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Suppose you have fried $N$ eggs and your entire, perfectly circular pan is filled with egg white and $N$ perfectly circular, non-overlapping egg yolks of equal size. How would you cut the egg white using only a finite amount of straight lines so that each of your $N$ egg sandwiches will have exactly one yolk and the same amount (area) of egg white? It is allowed to let the lines pass trough the yolk, but you do not actually cut it; the yolk circles have to remain intact (until you pop them and let the delicious yolk flow over your sandwich).

EDIT: (From a discussion in the comments) The yolks do not actually have to stay connected to the egg white, you can picture the yolks as holes in the white. When the white has been distributed well, the yolks can then be added to each sandwich.

EDIT 2: For the sake of clarity, I'd like to add that in my original train of thought, line segments and half lines are also allowed as cuts, not just lines. Just like you would be able to cut in real life. But the line-only case could be interesting, too! Bonus points if you manage to solve it that way :)

For $N=2$, I have found out that taking the midpoint $M$ between the centres of the two yolks and cutting along the line that passes trough the centre $C$ of the pan and M cuts the white evenly almost always, although in some cases you have to "jump over" the yolks while cutting, but this is okay (see image below). The only exception is $C=M$, but in that case just cut along the perpendicular of the line between the midpoints of the yolks! This is a (rather simple) case-by-case construction and I was wondering if there is a construction that just works as it is, without having to consider cases. I'm looking for a case-free solution (construction) to the general problem, too. Any construction for other specific cases are welcome too!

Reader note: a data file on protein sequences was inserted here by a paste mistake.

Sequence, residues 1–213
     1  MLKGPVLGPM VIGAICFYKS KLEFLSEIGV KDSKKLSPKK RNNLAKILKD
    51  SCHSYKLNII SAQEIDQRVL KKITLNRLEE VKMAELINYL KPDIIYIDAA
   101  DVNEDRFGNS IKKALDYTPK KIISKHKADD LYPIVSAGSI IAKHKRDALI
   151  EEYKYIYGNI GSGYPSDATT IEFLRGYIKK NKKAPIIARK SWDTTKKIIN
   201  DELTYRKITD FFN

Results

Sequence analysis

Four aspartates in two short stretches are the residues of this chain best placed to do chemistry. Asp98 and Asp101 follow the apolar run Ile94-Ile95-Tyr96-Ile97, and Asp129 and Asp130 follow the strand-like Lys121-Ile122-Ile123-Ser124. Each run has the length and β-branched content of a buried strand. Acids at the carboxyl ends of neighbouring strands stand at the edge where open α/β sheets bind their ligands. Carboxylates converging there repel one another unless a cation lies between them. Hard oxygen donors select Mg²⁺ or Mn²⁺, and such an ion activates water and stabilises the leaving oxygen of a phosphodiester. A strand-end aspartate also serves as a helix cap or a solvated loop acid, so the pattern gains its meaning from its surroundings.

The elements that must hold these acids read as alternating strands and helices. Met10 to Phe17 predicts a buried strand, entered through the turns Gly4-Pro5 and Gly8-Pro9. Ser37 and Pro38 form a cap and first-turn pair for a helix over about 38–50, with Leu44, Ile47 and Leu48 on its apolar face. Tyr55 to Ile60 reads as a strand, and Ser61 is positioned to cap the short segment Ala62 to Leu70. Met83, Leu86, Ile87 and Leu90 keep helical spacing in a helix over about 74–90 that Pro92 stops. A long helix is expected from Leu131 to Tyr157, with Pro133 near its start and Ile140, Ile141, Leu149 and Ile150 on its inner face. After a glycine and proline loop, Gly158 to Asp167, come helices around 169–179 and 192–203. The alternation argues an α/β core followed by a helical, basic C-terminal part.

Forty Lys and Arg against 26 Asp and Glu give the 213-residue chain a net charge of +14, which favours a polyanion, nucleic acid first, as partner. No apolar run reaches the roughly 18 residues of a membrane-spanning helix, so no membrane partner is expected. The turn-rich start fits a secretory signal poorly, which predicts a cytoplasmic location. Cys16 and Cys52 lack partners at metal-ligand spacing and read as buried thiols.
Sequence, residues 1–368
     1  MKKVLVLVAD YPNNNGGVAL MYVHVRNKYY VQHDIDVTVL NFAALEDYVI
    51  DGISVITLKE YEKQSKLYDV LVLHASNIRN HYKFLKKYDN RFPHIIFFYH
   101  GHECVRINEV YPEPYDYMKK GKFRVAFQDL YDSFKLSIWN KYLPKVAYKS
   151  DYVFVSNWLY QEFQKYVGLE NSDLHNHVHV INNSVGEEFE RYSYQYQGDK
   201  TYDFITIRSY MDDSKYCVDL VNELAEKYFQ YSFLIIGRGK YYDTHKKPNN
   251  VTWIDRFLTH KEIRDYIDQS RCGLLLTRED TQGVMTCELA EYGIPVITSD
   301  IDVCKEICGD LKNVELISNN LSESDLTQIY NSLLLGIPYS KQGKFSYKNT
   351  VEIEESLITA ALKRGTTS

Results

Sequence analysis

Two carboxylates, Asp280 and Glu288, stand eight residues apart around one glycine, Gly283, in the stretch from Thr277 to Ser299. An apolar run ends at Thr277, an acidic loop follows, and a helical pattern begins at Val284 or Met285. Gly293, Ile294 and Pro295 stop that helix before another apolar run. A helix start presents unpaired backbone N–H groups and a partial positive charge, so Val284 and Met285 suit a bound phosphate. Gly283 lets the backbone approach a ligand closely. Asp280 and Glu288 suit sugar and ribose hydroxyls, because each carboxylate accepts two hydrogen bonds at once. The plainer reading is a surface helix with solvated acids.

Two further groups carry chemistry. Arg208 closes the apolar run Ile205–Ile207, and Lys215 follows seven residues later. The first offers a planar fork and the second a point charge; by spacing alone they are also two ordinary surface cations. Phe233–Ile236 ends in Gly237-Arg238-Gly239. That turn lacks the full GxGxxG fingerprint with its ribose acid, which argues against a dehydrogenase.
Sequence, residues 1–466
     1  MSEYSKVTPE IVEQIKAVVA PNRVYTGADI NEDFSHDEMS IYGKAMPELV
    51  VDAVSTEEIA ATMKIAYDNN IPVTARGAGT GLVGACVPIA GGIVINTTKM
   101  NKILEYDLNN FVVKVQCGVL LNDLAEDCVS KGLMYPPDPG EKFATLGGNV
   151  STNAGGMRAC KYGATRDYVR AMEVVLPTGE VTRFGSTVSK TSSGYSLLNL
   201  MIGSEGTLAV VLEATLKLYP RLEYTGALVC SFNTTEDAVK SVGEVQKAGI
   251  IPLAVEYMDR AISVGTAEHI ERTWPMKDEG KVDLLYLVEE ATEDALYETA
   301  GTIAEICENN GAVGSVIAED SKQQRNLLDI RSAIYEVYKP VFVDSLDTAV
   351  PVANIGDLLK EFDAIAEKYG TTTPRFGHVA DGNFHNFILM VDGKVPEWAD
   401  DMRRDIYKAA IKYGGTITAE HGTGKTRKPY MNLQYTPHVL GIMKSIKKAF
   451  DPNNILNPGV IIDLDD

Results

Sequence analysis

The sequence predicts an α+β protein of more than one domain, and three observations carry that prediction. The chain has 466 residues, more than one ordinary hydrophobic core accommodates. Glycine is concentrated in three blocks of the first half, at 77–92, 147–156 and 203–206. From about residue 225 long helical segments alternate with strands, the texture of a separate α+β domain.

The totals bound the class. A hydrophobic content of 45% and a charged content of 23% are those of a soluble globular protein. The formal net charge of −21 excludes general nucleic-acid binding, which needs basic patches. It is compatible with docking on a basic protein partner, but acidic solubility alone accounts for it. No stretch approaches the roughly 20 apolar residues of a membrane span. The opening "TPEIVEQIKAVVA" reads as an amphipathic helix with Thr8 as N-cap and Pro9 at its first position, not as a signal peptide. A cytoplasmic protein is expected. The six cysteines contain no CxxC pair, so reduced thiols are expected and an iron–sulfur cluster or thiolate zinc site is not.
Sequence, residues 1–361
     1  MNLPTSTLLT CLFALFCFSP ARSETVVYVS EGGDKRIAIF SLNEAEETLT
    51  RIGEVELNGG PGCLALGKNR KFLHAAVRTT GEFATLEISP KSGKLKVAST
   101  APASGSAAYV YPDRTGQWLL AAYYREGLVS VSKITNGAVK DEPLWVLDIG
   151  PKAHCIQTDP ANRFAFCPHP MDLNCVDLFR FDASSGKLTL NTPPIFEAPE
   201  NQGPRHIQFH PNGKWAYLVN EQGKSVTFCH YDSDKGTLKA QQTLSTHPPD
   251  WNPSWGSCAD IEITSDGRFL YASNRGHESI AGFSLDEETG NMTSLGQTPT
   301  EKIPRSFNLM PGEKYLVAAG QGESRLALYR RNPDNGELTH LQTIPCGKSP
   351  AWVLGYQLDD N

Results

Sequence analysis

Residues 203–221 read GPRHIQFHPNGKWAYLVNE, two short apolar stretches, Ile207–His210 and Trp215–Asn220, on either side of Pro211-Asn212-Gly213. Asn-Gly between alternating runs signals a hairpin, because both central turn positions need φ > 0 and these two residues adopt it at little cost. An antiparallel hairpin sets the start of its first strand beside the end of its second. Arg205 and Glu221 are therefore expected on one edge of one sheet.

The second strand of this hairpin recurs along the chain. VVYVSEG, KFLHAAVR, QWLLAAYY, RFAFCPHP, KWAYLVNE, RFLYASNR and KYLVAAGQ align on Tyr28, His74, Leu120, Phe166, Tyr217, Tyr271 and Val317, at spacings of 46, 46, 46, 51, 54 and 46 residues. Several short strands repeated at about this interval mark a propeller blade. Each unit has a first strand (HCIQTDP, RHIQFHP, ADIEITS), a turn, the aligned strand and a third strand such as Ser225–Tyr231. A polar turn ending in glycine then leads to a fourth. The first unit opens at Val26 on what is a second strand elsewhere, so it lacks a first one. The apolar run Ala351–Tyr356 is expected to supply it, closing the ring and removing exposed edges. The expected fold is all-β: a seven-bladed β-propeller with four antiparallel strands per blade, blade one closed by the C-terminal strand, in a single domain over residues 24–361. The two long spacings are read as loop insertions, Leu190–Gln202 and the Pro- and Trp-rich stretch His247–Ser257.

I'm having trouble formulating what tools are exactly "allowed" for the construction, so right now I'd say: anything goes, as long as it's nothing trivial like "take the line that cuts surface A precisely in half" without specifying how to construct that line. I hope this example gives you an idea of what I'm looking for, or at least what I'm not looking for. On the other hand, anything interesting that can be said regarding this (kind of) problem, perhaps form a more abstract and deep mathematical point of view, is also very appreciated! For instance, I would find it interesting to see an answer which does use these kind of "trivial" lines like I described above, although it will not answer my question!

An example of the "jump over" case as described above: enter image description here

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    $\begingroup$ +1 for the original question. I will enjoy reading answers. $\endgroup$ – Von Neumann Mar 18 '18 at 1:06
  • $\begingroup$ So how would this work with one yolk in the middle and a ring of yolks closely around it? How would you give the middle yolk enough egg- white? +1 for your very delicious description of the problem, by the way! $\endgroup$ – Bram28 Mar 18 '18 at 1:08
  • $\begingroup$ @Bram28 Good point, the thing is, you can "take out" the yolks and just add them later to your sandwich, when the white has been distributed. I will edit this in my question! $\endgroup$ – Tyron Mar 18 '18 at 1:10
  • $\begingroup$ I'm Vegetarian. Still, good question +1. $\endgroup$ – user535339 Mar 18 '18 at 1:12
  • $\begingroup$ @Tyron Ah, I see! So the yolk and the egg white that ends up on my sandwich may never have been attached? Does the piece of egg white need to be a continuous piece, or can that be several pieces? I'm not a big fan of my egg sandwiches being cobbled together ... $\endgroup$ – Bram28 Mar 18 '18 at 1:13
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I think the Ham-Sandwich theorem can help in this case , which states that for every positive integer n , given n measurable "objects" in n-dimensional Euclidean space, it is possible to divide all of them in half (with respect to their measure, i.e. volume) with a single (n − 1)-dimensional hyperplane.

So even if you increase the number of eggs you can always find a line that cuts them exactly in half.

Numberphile did a great video on the subject ,Ham Sandwich Problem - Numberphile,i suggest you check it out

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  • $\begingroup$ Thanks for bringint this to my attention, the video was indeed pretty clear. See my comment on the main question for my thoughts on using (parts of) this method! $\endgroup$ – Tyron Mar 18 '18 at 17:18

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